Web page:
3D-Printed Buses? 35 Industries The Tech Could Transform
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Applications of 3D printing in architecture and construction are developing rapidly. The technology has become relatively widespread in the project design stage — architects can print models of properties, commercial real estate, and infrastructure.
The Dubai Future Foundation debuted what it claimed was the first 3D-printed building in 2016. The city-state says that by 2025, 25% of its new buildings will be made using 3D printers.
Many in the art community have been quick to embrace 3D printing. Today, an artist can draw a design by hand and then 3D print it using materials like metal, glass, and ceramics.
In 2014, the Smithsonian Institution’s National Portrait Gallery revealed a 3D-printed portrait of President Obama. Other artistic feats enabled by 3D printing include a sculptural replica of a classic Van Gogh’s “Sunflowers,” and a project that analyzed the entirety of Rembrandt’s work.
To date, there is only one FDA-approved, 3D-printed drug: Spritam®, an anti-epileptic seizure medication, is designed to disintegrate within seconds after swallowing. The producer, Aprecia Pharmaceuticals, claims that the drug’s unique structure cannot be achieved through conventional manufacturing.
3D printing could help bring prosthetics to those most in need, especially in developing countries affected by conflict or disease. Volunteer organization Enabling the Future uses 3D printing to make the $50 e-NABLE mechanical hand.
In the US, prosthetics are typically priced anywhere from $5,000 to $50,000, and the process of obtaining one can take months. 3D printing drastically cuts costs and production time — a 3D-printed prosthetic can typically be made in a single day.
Natural Machines ‘ Foodini can print a variety of foods using natural ingredients, so long as they are able to be pureed. Natural Machines claims that the possibilities are unlimited. The Foodini is currently available for commercial kitchens, with a goal to bring it to home cooks in the future.
Some food companies are already using 3D printing in their production process. Dairy-free milk startup Perfect Day , for example, uses 3D printing to make dairy proteins without cows.
The automotive industry was one of the pioneers of 3D printing. For automakers, the technology offers faster, more cost effective product development cycles and end products that are strong and lightweight.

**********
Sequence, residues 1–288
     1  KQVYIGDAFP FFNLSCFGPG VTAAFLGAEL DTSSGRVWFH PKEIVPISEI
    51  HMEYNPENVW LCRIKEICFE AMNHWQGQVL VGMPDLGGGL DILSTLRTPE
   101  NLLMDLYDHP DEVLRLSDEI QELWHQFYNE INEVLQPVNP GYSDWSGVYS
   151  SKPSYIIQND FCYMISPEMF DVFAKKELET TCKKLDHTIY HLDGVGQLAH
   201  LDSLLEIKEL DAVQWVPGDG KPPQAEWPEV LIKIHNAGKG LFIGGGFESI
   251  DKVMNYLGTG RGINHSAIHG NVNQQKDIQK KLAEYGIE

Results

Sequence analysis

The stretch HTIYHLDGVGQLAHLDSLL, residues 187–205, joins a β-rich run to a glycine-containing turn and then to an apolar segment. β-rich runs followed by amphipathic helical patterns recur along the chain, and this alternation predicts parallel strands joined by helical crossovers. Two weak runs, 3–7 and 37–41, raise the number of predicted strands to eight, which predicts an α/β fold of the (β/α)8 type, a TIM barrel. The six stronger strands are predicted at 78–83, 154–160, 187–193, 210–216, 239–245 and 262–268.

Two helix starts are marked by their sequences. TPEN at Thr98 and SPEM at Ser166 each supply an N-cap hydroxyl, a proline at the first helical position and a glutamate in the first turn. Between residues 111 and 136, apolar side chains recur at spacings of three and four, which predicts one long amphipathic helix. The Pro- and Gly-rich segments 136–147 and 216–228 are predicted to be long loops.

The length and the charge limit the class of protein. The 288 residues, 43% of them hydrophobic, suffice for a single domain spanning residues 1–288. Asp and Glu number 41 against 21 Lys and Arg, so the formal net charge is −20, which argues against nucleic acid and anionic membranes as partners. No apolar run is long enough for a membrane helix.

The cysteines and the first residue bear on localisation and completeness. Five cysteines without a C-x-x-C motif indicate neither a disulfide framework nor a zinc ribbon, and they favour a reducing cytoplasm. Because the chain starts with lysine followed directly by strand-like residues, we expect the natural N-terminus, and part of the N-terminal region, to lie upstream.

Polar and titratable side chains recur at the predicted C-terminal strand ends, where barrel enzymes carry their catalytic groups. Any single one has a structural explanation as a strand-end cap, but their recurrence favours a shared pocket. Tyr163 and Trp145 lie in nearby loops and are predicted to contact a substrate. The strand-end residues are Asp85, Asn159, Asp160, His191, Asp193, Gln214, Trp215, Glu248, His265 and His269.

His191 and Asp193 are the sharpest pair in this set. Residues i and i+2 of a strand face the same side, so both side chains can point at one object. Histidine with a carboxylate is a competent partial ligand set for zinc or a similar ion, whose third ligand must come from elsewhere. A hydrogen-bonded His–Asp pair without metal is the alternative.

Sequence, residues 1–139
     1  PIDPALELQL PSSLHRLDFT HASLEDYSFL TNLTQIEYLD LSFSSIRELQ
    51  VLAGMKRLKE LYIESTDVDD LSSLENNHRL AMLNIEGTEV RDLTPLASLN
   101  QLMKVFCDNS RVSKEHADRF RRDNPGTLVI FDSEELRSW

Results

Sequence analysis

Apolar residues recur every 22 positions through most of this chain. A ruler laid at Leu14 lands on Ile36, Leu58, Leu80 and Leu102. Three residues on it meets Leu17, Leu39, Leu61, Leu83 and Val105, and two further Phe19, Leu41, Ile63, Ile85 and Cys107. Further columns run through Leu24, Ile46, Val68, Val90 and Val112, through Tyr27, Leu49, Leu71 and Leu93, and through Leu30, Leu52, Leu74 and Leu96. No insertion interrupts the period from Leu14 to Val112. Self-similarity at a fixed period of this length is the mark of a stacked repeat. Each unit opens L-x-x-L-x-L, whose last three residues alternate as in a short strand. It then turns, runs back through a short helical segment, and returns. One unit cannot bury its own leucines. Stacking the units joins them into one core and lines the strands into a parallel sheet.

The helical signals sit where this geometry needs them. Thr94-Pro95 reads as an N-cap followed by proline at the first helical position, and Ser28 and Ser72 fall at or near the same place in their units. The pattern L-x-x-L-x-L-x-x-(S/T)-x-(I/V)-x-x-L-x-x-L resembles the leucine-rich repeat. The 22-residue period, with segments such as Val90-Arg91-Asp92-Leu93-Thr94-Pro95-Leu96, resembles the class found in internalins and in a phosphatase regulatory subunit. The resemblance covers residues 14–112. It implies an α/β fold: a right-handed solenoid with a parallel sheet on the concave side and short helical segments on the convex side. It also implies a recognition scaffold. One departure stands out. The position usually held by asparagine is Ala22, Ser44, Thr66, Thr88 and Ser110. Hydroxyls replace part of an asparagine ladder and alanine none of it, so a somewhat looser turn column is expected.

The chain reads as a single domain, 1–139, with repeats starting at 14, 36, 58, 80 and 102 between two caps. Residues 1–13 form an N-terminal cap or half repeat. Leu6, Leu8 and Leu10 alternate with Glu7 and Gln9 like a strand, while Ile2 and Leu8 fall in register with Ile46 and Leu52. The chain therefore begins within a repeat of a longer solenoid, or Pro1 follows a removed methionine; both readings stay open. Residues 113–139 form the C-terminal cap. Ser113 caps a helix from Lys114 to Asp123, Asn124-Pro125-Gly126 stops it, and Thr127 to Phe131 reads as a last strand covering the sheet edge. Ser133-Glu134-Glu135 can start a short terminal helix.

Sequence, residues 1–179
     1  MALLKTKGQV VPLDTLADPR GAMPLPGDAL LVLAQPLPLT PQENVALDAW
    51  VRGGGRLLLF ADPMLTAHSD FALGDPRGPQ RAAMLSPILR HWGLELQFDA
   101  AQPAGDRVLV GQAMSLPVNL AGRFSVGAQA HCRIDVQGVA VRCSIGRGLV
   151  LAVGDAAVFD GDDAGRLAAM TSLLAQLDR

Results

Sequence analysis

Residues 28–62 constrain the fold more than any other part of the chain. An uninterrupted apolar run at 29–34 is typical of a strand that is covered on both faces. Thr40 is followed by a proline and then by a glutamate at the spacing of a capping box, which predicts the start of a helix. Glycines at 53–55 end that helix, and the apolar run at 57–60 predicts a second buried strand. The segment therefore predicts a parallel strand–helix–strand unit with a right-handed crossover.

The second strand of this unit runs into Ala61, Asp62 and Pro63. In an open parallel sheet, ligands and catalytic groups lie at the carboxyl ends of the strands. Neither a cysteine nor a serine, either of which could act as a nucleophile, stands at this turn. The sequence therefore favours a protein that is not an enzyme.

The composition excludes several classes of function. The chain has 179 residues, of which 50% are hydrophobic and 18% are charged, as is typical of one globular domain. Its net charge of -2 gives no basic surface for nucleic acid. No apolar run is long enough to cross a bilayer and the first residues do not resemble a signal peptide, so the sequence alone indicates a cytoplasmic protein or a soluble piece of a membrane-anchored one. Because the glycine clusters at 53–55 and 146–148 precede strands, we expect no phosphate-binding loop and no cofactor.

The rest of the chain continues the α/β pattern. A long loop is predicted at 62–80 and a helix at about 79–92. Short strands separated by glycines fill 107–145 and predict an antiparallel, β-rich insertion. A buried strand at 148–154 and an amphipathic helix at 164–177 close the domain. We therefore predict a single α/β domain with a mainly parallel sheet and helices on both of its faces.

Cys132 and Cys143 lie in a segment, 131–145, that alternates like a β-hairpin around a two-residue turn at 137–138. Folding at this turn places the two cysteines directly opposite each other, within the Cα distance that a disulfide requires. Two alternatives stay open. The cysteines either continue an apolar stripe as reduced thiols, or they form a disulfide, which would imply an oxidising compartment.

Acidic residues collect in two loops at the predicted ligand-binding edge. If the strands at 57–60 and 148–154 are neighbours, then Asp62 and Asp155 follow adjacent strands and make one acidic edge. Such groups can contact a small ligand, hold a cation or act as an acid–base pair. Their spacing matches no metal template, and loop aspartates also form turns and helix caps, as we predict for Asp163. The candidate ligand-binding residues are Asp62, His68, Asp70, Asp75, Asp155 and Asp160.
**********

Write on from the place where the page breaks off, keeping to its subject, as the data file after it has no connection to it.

So far, automotive companies have primarily used 3D printing for pre-production tasks. As consumers demand more digitally connected and environmentally friendly vehicles, the technology has allowed automakers to design, test, and validate new concepts faster than ever before.
allowing designers to test concepts more quickly and offer customers lower prices. A custom table that would typically cost thousands of dollars could cost just a couple hundred when printed.
3D printing also works well for controlling the density of a material, which means that it can produce more lightweight furniture.
Ashley Furniture implemented 3D printing in one of its manufacturing warehouses. The company can now print small parts for different furniture types that are being assembled. This has reportedly been a cost-effective and time-saving development.
Gun safety advocates and law enforcement officials have been especially concerned about the printing of plastic guns that could go undetected by metal detectors.
Just as governments have not been able to fully eliminate counterfeit currency, it may be impossible to completely stop 3D-printed guns — especially as printing technology becomes more accessible.
3D printing also can make art more accessible outside of museums. VerusArt, for example, uses 3D printing to create textured reproductions of famous paintings and displays them for schools. Unlike in museums, students are able to touch the replicas and feel the exact brush strokes used by the original artists.
Similarly, the Prado Museum in Madrid recreated a number of famous pieces in their collection as 3D paintings to make them more accessible to blind and visually impaired visitors.